A recent survey revealed that 64 per cent of firms in the UK are struggling to cope with the demands of the new rules. Think tank JWG-IT said that that proportion of financial services firms are finding it hard to cope with requirements to keep records in a different way. The new rules demand that files are kept for five years after an event, and for the duration of the relationship with a client and sometimes longer.

The new law replaces laws deriving from the Investment Services Directive, which is being repealed.

Only the UK, Ireland and Romania have managed to meet the deadline of 31st January for implementing the Directive, though most others have implemented it since then. Spain and Poland will not be compliant before today’s deadline, the European Commission has said.

The BBA said that the changeover to the new rules has already cost the financial services sector significant sums of money. "This week sees the culmination of many years of very hard bargaining by virtually everyone who has ever taken an interest in financial services," said BBA executive director for wholesale banking Micahel McKee. "The major European financial firms have already spent some years and millions of pounds preparing for this change, but as with all change there are likely to be some winners and losers."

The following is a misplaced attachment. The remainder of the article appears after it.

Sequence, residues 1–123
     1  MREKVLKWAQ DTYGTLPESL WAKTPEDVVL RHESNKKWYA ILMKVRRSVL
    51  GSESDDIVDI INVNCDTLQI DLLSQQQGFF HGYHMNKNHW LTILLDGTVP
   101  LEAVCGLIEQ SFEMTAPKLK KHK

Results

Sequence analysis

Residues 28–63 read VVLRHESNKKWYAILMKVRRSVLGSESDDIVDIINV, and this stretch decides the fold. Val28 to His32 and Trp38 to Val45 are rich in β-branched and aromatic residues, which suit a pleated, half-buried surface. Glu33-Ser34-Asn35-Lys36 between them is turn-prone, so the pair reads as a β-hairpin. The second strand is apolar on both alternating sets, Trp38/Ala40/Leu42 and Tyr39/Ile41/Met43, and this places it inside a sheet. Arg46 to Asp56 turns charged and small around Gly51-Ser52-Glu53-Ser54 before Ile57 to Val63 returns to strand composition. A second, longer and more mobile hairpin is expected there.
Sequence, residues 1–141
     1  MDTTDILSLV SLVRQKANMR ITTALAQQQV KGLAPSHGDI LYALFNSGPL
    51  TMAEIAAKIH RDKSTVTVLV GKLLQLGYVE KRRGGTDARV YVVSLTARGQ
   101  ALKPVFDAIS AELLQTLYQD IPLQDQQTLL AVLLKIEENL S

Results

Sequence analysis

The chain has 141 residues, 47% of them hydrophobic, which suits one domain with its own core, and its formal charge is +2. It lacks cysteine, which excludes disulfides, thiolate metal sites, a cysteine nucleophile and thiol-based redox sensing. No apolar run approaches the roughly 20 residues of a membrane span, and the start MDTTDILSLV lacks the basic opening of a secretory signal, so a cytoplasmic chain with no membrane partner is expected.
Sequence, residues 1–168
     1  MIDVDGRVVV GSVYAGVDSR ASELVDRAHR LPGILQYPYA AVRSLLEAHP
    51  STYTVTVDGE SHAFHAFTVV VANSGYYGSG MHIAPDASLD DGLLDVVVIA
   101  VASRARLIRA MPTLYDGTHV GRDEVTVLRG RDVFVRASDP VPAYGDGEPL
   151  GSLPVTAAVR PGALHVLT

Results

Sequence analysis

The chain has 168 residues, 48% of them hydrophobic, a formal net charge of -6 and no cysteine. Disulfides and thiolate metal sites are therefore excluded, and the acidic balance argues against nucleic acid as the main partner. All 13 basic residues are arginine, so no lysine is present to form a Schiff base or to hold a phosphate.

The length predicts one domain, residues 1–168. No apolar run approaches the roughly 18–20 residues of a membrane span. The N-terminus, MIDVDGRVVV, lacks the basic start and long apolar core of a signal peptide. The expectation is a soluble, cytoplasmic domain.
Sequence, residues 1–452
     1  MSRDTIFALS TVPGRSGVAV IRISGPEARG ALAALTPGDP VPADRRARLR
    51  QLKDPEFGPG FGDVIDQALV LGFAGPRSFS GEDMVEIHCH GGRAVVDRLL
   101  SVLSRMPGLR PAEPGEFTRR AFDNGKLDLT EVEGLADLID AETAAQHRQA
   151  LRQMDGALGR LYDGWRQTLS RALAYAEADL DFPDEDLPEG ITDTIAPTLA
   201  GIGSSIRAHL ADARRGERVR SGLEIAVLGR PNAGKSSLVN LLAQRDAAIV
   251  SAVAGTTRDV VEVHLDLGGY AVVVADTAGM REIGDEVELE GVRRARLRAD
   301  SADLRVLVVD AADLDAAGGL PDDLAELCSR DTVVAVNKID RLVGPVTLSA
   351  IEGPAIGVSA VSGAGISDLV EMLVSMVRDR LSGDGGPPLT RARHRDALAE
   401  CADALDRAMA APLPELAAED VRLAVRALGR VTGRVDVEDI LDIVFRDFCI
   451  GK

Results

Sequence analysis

McKee said that the UK was, though, better placed than most places to take advantage of the changes and the potential increase in the number of markets available to firms. "London is the world's financial capital – its concentration of expertise, experience and financial acumen put it in pole position to reap the benefits of this harmonisation in the future," said McKee. The BBA said that all is not lost for smaller firms. Those that embrace the change could benefit, it said. "Smaller banks will reap the best benefit from MiFID by using it to differentiate their service offerings from their competitors," said the BBA statement. "Private banks will, however, be pressed to combine the new regulatory requirements with their traditionally bespoke services to clients."

Copyright © 2007, OUT-LAW.com